It wasn’t just soldiers who fought in wars. Also artists, painters and make-up artists. You could turn a lens into a gigantic theater. For example, hollow trees were made to be used as secret lookouts. Or houses were painted so that they couldn’t be seen from the air and hid military sites. Noteworthy is the role of camouflage in the world wars.
The Royal Navy, for example, looked at advanced camouflage techniques. They wanted to protect the ships. How? They created complex patterns of geometric shapes in contrasting colors that interrupted and intersected. Its aim was to baffle the enemy. Thus, they could not identify the actual speed at which the ship was traveling or its specific position.
Deception in Africa
In 1942, North Africa was the scene of the struggle against the Axis powers, consisting of Germany, Italy and Japan. The Camouflage Directorate of the Middle East Command, a unit devoted to deception operations and the concealment of men and military equipment, created a major distraction there. They painted the floor of the airfields with black and gray spots. They simulated the shadows of the weapons in order to deceive the reconnaissance flights of the Axis powers. Then they had to camouflage entire legions of tanks in the north of the battlefield.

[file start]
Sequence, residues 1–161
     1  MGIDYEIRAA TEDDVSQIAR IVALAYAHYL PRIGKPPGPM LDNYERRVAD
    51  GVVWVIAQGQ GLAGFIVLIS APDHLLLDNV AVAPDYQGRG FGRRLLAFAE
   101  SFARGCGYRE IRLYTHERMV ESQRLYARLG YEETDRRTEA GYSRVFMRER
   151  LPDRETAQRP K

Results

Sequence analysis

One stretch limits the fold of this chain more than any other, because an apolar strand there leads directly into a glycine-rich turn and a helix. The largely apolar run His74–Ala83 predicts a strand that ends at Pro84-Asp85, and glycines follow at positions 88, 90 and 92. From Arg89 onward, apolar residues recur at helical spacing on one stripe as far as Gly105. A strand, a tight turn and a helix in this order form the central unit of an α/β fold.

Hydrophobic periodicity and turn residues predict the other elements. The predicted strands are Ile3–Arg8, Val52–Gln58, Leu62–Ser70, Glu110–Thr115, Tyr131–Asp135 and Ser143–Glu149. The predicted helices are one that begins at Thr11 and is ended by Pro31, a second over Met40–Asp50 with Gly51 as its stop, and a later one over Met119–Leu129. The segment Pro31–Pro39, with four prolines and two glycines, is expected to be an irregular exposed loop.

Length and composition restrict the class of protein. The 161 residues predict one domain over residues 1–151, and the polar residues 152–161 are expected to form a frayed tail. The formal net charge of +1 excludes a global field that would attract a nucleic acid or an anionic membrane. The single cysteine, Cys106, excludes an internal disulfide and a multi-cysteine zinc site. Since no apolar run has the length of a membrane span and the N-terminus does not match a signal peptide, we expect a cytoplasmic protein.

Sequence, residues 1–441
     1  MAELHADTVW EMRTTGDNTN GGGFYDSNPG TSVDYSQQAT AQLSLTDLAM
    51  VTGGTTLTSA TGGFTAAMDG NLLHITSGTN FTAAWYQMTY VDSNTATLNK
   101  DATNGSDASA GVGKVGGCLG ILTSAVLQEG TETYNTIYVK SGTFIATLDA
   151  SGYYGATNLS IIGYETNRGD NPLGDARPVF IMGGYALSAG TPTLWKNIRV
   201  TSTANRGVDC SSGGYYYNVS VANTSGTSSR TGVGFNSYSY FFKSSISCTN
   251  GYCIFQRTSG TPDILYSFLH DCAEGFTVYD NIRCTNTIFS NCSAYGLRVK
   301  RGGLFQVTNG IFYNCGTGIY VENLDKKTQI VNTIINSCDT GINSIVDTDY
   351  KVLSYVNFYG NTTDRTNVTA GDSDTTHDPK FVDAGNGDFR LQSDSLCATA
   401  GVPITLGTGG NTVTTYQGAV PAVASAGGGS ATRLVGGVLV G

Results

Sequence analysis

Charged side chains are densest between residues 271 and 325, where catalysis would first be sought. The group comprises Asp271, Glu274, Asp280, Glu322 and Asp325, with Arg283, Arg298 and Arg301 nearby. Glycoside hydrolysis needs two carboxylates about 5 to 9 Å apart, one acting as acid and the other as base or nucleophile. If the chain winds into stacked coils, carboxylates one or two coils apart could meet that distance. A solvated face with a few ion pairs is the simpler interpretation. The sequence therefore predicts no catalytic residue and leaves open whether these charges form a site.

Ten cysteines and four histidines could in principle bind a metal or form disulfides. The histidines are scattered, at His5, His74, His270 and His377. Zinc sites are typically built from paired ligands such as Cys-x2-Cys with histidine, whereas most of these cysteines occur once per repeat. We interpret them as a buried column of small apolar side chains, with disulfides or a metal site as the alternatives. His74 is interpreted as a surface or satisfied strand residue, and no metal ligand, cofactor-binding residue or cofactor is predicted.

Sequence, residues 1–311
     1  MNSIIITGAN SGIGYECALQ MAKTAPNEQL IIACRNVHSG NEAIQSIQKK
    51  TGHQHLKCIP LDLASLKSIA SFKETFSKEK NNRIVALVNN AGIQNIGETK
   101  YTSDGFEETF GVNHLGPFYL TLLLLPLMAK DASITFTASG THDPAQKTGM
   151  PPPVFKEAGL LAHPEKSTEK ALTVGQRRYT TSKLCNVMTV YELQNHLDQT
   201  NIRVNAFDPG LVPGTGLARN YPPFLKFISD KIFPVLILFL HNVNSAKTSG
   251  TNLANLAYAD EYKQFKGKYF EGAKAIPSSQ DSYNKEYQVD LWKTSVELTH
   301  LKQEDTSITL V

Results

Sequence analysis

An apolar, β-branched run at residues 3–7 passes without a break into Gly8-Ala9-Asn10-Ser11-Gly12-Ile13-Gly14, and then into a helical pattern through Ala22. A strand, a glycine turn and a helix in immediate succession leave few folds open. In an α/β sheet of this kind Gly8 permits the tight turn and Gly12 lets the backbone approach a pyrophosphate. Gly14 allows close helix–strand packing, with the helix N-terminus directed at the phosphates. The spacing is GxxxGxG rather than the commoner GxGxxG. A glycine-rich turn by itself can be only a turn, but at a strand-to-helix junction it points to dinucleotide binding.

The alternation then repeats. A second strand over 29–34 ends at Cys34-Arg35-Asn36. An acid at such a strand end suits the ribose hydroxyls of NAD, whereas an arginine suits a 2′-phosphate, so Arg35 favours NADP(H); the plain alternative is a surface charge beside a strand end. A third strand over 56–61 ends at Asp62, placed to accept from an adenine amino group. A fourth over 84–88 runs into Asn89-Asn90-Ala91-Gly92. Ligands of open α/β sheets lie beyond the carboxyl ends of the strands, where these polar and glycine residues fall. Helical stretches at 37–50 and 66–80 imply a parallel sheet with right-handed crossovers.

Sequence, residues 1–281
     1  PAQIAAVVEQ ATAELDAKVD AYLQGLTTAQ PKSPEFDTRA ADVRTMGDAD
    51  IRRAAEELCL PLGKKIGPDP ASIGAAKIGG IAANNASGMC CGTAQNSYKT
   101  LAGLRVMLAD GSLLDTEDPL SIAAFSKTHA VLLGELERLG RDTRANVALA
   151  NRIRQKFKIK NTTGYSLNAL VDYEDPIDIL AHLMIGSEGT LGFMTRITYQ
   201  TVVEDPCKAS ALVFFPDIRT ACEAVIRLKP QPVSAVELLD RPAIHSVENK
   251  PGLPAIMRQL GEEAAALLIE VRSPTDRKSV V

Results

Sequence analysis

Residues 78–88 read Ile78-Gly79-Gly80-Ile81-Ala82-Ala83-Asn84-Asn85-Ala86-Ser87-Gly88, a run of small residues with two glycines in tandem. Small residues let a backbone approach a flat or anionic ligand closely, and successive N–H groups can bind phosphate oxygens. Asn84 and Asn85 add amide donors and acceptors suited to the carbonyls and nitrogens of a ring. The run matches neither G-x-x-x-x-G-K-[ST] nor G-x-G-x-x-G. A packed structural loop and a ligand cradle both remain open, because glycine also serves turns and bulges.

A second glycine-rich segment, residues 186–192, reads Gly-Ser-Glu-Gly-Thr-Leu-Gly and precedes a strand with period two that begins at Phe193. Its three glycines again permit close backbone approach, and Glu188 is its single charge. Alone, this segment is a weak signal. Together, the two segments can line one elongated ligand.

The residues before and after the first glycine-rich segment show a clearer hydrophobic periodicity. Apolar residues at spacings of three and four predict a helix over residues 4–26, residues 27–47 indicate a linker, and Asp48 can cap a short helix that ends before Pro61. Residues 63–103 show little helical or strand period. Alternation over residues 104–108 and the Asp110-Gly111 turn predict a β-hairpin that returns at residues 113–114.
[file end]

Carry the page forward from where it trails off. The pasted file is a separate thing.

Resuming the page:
They created a deception army of 600 completely counterfeit military vehicles in the south. Therefore, the Axis Powers feared an equally powerful attack from this flank. It was made using fake food tanks and boxes, ammunition silos, and oil containers. Everything from boxes and palm leaves covered with tarpaulin.
In the northern part the royal tanks had specially equipped wooden compartments. They made them look like normal trucks. The artillery pieces were covered in a similar way. Once in position and just before the battle began, the covers were removed. The Axis powers were taken by surprise.
These ingenious tricks inspired an American military regiment during World War II. The special forces at Headquarters 23 became known as the “Phantom Army”. They consisted of over 1,000 men and were deployed in Europe after D-Day.
Their aim was to deceive the Germans. They were led to believe that forces of up to 30,000 additional troops were threatening their lines. This resulted in them distributing troops to places that were convenient for the Allies. Like the Camouflage Directorate of the Middle East Command, they recruited many architects, designers, advertising creatives and artists as well as regular soldiers and engineers.
The counterfeit military equipment included hundreds of inflatable tanks. From a distance they looked exactly like the original and successfully fooled the German aerial reconnaissance. Another team was responsible for the fake radio traffic that was supposed to be intercepted by Nazi spies.
A pair of portable loudspeakers made sounds of troop movements. They also simulated sounds from large engineering projects like building bridges.
The role of camouflage in the world wars shows a new direction in the history of illusionism in art. These wars involved optical tricks by artists in completely original ways.
His work of strategically diverting attention was critical to the entire war effort. As Sun Tzu did as early as the 5th century BC. Chr. Observed with care. C. In China, deception is always the key element in the “Art of War”.